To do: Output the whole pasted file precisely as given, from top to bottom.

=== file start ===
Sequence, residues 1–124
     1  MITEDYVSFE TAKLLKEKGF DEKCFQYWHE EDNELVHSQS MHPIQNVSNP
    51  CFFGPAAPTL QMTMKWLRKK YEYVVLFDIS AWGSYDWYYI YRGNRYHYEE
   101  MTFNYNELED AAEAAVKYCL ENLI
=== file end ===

Sequence, residues 1–124
     1  MITEDYVSFE TAKLLKEKGF DEKCFQYWHE EDNELVHSQS MHPIQNVSNP
    51  CFFGPAAPTL QMTMKWLRKK YEYVVLFDIS AWGSYDWYYI YRGNRYHYEE
   101  MTFNYNELED AAEAAVKYCL ENLI